Short Sale: Do Homeowners Owe Income Tax on the Amount of Mortgage Debt Forgiven?
One question I am asked frequently regarding short sales is this: “Must I pay taxes on the amount my lender writes off on my mortgage loan?”
A “short sale” is the sale of a property which nets the lender less than the outstanding principal amount and the lender agrees to accept less than what the lender is owed in order to eliminate the bad debt without going through the foreclosure process. The question also applies to "mortgage workouts," in which a lender adjusts the mortgage amount downward to a more affordable level so the homeowner can make the payments and keep the home out of foreclosure. For example, a lender may recognize that a mortgagee has always been on time with their payments but has lost one job in what was once a two-income household, the values for the surrounding area of the home have dropped significantly, and the lender knows the only options other than a mortgage workout are 1) a short sale, which may net the lender 50 cents on the dollar, or 2) foreclosure, which may net them even less. Keeping a mortgagee in a home, paying on 80% of their original mortgage amount is a smarter investment than either a short sale or foreclosure. It also builds loyalty with the homeowner, knowing the lender wants them to keep their home and is willing to work with them to do so. It is good business.
In the past, when a lender forecloses on a property, sells the home for less than what is owed on it, or forgives any portion of the mortgage, it was perceived by the IRS as income and the homeowner was required to pay taxes on the shortfall unless they could prove insolvency or they declared bankruptcy. Even today, lenders are required to file a Form 1099-C (Cancellation of Debt) with the Internal Revenue Service and furnish a copy to the homeowner.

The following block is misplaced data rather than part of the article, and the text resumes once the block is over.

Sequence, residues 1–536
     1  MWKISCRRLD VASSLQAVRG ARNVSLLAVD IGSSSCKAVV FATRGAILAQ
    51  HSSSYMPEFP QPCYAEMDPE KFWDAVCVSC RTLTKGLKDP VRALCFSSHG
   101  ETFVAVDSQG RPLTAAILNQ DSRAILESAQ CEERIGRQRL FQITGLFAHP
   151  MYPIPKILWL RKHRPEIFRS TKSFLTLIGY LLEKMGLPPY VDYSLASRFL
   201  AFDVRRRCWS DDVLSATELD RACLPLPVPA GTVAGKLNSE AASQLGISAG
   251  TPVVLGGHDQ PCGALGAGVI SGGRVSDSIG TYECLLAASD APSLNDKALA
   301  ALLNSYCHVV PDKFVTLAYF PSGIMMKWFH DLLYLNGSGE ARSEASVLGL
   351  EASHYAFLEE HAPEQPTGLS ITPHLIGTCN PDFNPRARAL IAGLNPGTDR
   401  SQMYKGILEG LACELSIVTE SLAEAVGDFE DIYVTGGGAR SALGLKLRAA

However, the enactment of Public Law 110-142, also known at the Mortgage Forgiveness Debt Relief Act of 2007 has changed the sellers’ tax liability when their home is sold through a short sale. The law went into effect on December 18, 2007, and has been extended by the Economic Stabilization Act of 2008 (Public Law 110-343) to exclude debt discharges from January, 2007 through December 31, 1012. In order to claim the exclusion, the homeowner must complete IRS form 982 and submit it with their federal income tax return. The Mortgage Forgiveness Debt Relief Act of 2007 excludes from federal taxation lenders' discharges of debt up to $2 million, so long as it is a mortgage secured by the homeowner's principal residence and was incurred in the purchased, construction or substantial improvement of the principal residence. A short sale which results in debt forgiveness on an income property would not be excluded from tax liability, for example.
Any homeowner who takes advantage of the exclusion must reduce their “basis” in the home – the “base cost” they paid for the home -- by the amount of the forgiven debt when determining their profit or loss upon resale. To illustrate, a homeowner who paid $150,000 for his home and had $50,000 of the mortgage debt forgiven, has an adjusted basis of $100,000.
The Mortgage Forgiveness Debt Relief Act of 2007 also extends the period of time in which a surviving spouse may claim the $500,000 universal exclusion which is otherwise only available to married couples, and it extends a homeowner’s option to itemize mortgage premium deductions.
For more information about the Mortgage Forgiveness Debt Relief Act and its tax consequences, consult your tax accountant or attorney.